We instead call for a dedicated scientific institution, perhaps called the International Anthropocene Commission, to coordinate this. It could be set up and funded by the International Union of Geological Sciences, Future Earth and the United Nations. Half its members should be drawn from anthropology, archaeology, history, sociology, geography, paleoecology, economics and philosophy."
In broad strokes, this is something that I would be sympathetic with. However, there is a crucial difference between geology in particular and the social sciences and humanities in general. A single community-approved timescale is the backbone of the former, it is more or less irrelevant to the latter. Non-geologists can do their work without this consensus – and they will do, whatever happens.

Ellis and Maslin are right to point out that the institutional inauguration of a "human epoch" is an event with much broader and more profound consequences than the parochially geological. However, their strategy of blurring boundaries helps no one. Geology is not landscape ecology and it is not at all clear why it should be.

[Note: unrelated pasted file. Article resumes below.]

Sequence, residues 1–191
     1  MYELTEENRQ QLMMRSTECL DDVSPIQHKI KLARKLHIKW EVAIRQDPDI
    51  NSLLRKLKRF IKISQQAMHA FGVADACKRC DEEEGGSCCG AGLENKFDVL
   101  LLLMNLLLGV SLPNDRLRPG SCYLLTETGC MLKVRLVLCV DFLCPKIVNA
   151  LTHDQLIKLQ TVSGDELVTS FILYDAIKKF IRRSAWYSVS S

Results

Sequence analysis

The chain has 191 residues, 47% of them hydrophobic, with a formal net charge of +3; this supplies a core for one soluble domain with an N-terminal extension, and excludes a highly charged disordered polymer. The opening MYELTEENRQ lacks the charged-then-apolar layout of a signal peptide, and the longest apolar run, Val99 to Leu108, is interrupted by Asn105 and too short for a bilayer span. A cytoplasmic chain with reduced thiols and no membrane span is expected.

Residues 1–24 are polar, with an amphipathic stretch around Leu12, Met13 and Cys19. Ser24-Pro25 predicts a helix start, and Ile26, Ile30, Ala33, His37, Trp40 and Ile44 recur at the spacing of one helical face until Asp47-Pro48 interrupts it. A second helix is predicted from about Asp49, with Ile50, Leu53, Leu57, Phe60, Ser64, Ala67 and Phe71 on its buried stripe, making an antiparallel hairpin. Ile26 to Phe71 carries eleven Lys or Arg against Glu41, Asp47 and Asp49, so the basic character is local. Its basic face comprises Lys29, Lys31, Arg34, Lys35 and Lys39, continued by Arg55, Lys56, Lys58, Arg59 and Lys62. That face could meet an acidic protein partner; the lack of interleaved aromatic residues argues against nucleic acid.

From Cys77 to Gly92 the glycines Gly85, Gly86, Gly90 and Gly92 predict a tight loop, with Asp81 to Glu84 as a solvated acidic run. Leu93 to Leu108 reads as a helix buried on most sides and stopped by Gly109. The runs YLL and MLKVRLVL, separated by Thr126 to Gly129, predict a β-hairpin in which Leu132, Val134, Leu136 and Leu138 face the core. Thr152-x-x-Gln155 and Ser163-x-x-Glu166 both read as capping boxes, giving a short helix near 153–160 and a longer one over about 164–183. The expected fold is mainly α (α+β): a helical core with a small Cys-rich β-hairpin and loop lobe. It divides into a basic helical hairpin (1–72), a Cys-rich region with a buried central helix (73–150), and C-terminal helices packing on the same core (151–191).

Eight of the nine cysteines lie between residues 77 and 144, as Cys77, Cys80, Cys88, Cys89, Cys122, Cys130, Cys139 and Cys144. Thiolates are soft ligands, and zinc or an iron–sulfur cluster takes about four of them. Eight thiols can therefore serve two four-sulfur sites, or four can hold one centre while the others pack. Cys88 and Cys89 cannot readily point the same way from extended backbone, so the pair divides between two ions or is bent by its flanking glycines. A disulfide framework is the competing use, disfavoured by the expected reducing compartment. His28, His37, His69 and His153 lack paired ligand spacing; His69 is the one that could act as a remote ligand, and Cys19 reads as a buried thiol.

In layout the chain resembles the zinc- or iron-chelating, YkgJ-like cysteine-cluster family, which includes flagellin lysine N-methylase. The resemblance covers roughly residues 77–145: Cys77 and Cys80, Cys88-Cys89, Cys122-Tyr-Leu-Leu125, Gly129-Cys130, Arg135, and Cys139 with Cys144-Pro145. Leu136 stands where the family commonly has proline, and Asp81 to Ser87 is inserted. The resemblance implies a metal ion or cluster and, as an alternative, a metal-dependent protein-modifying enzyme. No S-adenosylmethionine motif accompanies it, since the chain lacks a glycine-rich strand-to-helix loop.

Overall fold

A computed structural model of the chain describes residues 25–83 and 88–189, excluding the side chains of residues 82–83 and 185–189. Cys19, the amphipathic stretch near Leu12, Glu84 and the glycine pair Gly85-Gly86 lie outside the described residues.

Above all, defending a post-1750 or post-1950 Anthropocene in no way, shape or form entails the presumption that non-industrial peoples are somehow 'in harmony with nature' or any of that outdated claptrap.

The "Western, white-male, elite-technocratic" concern is an important one but, in this case, thoroughly misconceived. Certainly, this means that more dialogue is needed between natural, social, political and human sciences. However, this is already happening without the forms of consensus that are the peculiar prerequisite of geology.

Dialogue doesn't mean collapsing differences. On the contrary, it requires heightened sensitivity to them.